Discovery’s cross country journey back to Florida has begun its final leg , following refueling stops at Amarillo and Fort Worth, Texas, before arriving at Barksdale, Louisiana for an overnight stay. The superstar orbiter is expected to make it back to her home base of the Kennedy Space Center (KSC) on Monday afternoon, as she rides on top of the converted 747 SCA (Shuttle Carrier Aircraft).
Discovery had no issues during her processing flow at the Dryden Flight Research Center (DFRC) – located in the grounds of the Edwards Air Force Base (EAFB) – and was almost on track to depart as early as last Friday.
However, weather along the flight path was unacceptable, leading to an extended stay in California ahead of the Sunday morning departure.
Most of the final processing surrounded the final checks to Discovery’s Thermal Protection System (TPS) at the Mate/Demate Device (MDD) – as the orbiter was raised in order to allow the SCA to roll underneath for mating.
“Orbiter: OV-103 / Edwards AFB Turnaround Operations Post landing operations continue: TPS status for ferry: RSB (Rudder Speed Brake) thermal barrier – trimmed and coated. Flexible insulation blanket on right OMS (ROMS) – trimmed and coated,” noted the final processing notes on L2 ahead of her departure.
“Gap fillers on ROMS leading edge – no access – fly as is. FRSI plug on ROMS – no access – fly as is. Cracked tile on RSB – fly as is.
“Tail Cone and fairing installation is complete. Final hydraulic operation to raise the landing gear and position the bodyflap is complete. Side Access Platforms are up. Orbiter lift and mate to Shuttle Carrier Aircraft (SCA) completed.”
The smooth processing at Dryden also earned praise from Space Shuttle Program (SSP) manager John Shannon on the latest Shuttle Standup/Integration report (L2) – who also hinted at the potential of flyovers of NASA centers during the trip back – as much as that would depend on the weather.
“Mr. Shannon stated that he is really proud of the team that is working at Dryden. The work is progressing well. This is a hazardous operation, so everyone must keep their eye on the ball. Whether we are able to have any fly-overs of the NASA sites during the ferry-flight back to KSC will be dependent on the weather. If we are able to work it in, we will.”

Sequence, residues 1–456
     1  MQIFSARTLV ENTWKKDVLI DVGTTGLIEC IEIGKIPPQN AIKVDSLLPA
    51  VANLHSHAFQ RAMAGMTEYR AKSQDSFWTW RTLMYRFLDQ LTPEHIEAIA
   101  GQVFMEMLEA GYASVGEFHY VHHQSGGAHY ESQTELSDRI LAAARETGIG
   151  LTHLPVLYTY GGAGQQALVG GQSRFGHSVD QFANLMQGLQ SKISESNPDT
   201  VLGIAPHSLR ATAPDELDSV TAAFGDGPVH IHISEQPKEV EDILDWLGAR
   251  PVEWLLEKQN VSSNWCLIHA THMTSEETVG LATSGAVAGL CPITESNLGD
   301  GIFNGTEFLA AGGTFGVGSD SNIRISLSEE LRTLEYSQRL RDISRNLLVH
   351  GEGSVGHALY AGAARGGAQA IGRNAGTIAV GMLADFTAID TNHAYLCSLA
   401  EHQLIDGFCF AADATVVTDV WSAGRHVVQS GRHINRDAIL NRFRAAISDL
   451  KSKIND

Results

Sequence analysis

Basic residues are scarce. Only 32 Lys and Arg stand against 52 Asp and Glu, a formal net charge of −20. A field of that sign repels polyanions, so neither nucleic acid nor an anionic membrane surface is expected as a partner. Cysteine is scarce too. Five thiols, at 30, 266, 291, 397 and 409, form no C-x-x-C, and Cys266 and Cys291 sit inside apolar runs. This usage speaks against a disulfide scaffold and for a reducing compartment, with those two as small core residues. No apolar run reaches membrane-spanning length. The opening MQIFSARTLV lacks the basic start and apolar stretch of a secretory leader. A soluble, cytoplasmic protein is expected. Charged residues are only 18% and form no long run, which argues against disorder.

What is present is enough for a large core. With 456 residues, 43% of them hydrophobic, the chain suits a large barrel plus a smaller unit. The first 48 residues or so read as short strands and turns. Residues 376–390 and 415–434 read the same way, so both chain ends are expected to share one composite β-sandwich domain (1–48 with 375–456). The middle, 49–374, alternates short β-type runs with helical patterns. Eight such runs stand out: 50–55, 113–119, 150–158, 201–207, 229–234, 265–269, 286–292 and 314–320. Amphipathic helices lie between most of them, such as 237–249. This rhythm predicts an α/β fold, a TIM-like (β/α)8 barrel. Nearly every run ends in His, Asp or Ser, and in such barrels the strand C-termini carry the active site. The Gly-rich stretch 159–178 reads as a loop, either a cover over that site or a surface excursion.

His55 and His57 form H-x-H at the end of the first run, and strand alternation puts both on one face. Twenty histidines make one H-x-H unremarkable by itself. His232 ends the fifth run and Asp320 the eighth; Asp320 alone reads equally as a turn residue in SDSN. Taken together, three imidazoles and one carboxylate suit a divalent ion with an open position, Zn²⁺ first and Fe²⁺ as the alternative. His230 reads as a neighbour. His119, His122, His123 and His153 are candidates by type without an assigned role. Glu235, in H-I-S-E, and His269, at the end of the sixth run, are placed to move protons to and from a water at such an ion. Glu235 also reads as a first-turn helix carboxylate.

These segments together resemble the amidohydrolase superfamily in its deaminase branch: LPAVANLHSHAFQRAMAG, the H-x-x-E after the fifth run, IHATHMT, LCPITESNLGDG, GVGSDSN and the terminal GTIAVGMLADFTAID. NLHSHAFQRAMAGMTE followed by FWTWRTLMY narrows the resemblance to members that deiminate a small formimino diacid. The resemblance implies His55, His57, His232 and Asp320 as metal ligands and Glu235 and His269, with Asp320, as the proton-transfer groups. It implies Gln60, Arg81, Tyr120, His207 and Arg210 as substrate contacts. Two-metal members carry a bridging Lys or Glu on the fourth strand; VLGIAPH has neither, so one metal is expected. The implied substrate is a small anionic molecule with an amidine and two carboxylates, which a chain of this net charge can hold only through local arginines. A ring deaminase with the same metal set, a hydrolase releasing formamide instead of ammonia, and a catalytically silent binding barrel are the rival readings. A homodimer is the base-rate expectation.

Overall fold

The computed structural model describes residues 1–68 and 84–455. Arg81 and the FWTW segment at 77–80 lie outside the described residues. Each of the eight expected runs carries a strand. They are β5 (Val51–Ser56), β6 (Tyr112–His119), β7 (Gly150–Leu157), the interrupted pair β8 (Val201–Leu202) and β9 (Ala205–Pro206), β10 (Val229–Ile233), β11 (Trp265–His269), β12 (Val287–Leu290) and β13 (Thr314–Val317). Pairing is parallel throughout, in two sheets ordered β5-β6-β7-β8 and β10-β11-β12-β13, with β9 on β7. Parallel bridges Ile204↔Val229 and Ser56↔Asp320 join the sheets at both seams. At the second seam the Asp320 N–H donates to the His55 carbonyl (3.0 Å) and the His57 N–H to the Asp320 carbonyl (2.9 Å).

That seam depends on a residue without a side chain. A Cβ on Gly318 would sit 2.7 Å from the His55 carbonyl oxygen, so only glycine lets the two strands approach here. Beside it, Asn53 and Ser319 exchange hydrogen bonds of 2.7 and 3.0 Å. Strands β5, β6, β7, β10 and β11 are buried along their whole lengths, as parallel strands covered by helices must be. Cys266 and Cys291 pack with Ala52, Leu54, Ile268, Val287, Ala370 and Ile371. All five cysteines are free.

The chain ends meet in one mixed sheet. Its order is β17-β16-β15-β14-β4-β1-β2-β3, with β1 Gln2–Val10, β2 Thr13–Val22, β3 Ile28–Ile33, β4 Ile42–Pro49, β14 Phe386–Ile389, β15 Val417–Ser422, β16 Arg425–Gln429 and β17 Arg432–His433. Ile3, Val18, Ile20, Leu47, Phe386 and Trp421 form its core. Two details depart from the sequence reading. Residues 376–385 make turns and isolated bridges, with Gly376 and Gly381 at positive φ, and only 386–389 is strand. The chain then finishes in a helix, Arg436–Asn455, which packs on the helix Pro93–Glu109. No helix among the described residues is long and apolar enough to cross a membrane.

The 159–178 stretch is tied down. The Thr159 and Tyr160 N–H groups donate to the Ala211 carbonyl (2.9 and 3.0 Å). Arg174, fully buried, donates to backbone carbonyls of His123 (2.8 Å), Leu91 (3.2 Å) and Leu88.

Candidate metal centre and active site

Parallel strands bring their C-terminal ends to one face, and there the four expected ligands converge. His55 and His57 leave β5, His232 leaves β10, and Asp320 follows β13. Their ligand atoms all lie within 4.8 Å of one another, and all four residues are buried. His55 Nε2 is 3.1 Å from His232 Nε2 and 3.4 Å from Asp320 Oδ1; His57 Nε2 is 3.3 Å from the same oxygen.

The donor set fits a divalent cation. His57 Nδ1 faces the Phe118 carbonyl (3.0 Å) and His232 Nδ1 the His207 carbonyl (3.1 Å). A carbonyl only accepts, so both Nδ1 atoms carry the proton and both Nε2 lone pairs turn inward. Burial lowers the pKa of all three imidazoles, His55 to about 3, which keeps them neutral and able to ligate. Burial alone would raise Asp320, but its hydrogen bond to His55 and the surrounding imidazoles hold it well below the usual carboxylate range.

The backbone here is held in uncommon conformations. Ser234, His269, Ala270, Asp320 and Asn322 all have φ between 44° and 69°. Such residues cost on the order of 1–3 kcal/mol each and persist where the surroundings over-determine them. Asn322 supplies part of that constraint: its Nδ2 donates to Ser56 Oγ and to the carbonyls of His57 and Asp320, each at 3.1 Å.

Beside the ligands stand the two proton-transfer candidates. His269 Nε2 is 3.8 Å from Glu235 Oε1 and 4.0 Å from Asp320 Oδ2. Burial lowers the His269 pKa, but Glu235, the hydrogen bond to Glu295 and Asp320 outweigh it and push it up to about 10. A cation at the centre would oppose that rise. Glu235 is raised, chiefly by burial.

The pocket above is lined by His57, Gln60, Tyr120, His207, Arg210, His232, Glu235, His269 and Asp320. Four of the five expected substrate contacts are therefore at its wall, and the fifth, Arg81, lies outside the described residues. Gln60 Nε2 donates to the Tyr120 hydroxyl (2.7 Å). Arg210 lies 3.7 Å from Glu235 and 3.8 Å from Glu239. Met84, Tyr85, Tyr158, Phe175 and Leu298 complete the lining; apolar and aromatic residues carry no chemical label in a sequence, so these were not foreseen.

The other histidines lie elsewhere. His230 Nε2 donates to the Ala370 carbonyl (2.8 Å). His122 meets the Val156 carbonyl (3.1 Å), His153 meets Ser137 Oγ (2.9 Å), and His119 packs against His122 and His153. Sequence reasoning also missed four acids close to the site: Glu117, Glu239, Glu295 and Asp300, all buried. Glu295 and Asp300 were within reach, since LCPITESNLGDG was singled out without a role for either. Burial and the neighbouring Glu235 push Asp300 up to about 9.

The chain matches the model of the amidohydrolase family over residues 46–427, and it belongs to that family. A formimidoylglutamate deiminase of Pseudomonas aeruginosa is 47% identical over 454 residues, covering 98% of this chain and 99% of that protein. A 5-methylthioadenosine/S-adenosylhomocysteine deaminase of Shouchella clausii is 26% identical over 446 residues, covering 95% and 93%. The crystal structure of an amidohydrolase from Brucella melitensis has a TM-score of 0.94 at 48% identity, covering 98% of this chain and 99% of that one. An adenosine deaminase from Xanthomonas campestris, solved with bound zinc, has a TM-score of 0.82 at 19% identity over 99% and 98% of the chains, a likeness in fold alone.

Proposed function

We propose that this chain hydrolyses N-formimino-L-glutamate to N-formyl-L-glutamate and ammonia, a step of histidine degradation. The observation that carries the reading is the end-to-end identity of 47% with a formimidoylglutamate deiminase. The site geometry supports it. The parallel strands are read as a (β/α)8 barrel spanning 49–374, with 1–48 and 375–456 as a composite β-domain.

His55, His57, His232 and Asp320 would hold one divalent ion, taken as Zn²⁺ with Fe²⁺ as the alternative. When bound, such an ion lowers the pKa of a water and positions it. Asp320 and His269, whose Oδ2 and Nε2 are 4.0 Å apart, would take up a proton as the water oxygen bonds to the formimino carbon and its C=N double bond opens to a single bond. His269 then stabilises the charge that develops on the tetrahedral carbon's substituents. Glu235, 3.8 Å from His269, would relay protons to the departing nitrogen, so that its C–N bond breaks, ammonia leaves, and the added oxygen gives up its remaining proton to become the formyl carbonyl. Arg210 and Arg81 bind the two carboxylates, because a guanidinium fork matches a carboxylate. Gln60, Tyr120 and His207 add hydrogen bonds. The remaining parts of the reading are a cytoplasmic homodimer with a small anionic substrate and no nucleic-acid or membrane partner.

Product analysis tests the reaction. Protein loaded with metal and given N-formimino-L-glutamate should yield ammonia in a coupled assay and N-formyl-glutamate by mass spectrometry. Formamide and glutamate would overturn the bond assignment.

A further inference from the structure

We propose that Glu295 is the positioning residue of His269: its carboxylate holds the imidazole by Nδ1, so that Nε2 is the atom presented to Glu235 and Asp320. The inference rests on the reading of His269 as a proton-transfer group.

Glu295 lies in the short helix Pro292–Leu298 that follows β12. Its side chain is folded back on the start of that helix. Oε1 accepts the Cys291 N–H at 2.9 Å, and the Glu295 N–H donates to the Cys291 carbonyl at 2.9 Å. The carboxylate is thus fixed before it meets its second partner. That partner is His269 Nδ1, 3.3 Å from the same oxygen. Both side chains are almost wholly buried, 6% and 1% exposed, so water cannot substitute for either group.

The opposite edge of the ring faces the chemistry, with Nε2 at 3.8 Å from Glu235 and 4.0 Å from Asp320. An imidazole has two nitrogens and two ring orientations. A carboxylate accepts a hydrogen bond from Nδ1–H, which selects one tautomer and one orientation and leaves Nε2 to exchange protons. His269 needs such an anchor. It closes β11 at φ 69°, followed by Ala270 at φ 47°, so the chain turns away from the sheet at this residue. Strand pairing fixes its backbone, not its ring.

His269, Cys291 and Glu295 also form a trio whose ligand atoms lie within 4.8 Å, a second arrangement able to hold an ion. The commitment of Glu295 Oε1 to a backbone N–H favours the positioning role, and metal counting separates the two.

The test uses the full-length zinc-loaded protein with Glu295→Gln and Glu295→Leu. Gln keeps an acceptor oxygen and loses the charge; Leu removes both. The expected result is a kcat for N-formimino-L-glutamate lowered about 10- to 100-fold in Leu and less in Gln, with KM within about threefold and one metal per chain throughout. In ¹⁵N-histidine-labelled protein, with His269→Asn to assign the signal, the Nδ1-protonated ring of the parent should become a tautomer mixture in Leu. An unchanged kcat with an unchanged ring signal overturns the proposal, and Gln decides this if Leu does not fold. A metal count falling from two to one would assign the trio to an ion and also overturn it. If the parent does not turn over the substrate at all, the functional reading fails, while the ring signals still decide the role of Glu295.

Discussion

With thousands of spectators reported at the landing sites, the SCA and Discovery failed to take an optional fly-by of the Johnson Space Center (JSC), likely due to poor weather on the required flight path.
Pre-Ferry Flight Readiness Review:
As with all missions, the Flight Readiness Review (FRR) ensures all resources are in place in the event of a Californian conclusion to a mission. For STS-128, the review was conducted in August.
“The STS-128 Ferry Planning Readiness Review was conducted on 8/5/09. No issues were identified. If a ferry flight is required, a Ferry Flight Readiness Milestone Review will be conducted one day prior to the planned start of the ferry flight,” noted the SSP FRR presentation (L2) relating to Ferry readiness.
“Hardware summary: Orbiter: OV-103 (Discovery). NEOM ferry weight and center of gravity: 228,507 lb Xo 1113.7 in Yo 0.0 in Zo 374.7 in NEOM mass properties are within specified limits 3516 lbs of crew module ballast required (2066 lbs of middeck ballast kit hardware plus 1450 lbs of additional middeck equipment).
Both of NASA’s SCAs were classed as ready to support, though a final decision resulted in SCA 911 being used, as opposed to NASA 905. Both SCAs were on site at Dryden.
“Attach hardware and ferry plugs are ready to support. Tailcone 1 is assembled at DFRC and ready to support. Shuttle Carrier Aircraft (SCA): NASA 905 is at DFRC and expected to be ready to support (scheduled for a functional check flight at the end-of-the-month). NASA 911 is also at DFRC and ready to support. Pathfinder: NASA 932 (C-9),” added the FRR presentation.
“For a ferry flight beginning in September, purge equipment will not be deployed. A USAF aircraft (KC-135 or C-130J) could also be used. Ferry flight requirements are current: Ferry flight configuration drawings have been released. DFRC seven day turnaround with ready-to-ferry the morning of day eight.”
Special requirements were also listed for the payload that Discovery still has in her cargo bay, namely the Leonardo Multi-Purpose Logistics Module (MPLM). While all of its logistic supplies were transferred during Discovery’s mission to the International Space Station (ISS), the MPLM is returning a large amount of downmass from Station.
“The MPLM shell heaters will be enabled during ferry flight and at stopover locations when the ambient air temperature is less than 70 degrees F. This purpose of this requirement is to protect the MPLM structure against condensation,” the FRR presentation continued.
“There is a standard requirement to provide a purge to the forward and aft RCS (Reaction Control System) if the ambient air temperature is predicted to be less than 45 degrees F (mitigates the potential for RCS thruster leakage). There are no payload purge requirements.
“Adequate airfields are available to support ferry operations. Prime landing sites, weather alternates, and emergency landing fields selected. Flight plan: The nominal flight plan is for four flight legs that will be flown over 2-days.”
More will follow shortly.
L2 members: Documentation – from which the above article has quoted snippets – is available in full in the related L2 sections, now over 4000 gbs in size.